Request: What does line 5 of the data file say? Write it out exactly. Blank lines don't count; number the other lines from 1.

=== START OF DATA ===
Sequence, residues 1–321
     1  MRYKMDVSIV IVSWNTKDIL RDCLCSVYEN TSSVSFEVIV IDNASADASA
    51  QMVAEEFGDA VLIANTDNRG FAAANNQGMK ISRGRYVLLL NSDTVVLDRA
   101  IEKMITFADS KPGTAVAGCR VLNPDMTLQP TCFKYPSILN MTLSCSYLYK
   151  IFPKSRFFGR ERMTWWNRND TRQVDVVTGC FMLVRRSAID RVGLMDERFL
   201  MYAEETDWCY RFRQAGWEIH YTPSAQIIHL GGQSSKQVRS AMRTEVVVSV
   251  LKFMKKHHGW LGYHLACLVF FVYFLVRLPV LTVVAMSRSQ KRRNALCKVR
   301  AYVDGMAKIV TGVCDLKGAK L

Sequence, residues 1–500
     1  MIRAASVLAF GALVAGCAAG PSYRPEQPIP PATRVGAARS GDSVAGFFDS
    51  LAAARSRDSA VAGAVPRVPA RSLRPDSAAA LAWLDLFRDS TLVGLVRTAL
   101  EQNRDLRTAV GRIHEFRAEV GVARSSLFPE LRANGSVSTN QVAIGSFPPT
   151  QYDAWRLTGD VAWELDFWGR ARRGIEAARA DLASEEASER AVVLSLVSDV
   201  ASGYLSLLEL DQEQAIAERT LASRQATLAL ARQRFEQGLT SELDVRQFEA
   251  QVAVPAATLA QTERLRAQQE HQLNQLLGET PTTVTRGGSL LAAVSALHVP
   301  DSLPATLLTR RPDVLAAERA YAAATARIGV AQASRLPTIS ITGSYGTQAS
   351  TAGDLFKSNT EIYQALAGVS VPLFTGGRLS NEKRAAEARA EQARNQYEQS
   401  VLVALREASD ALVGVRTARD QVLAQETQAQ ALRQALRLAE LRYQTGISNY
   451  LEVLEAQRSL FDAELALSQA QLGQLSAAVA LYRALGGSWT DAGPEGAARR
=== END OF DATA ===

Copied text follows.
   151  IFPKSRFFGR ERMTWWNRND TRQVDVVTGC FMLVRRSAID RVGLMDERFL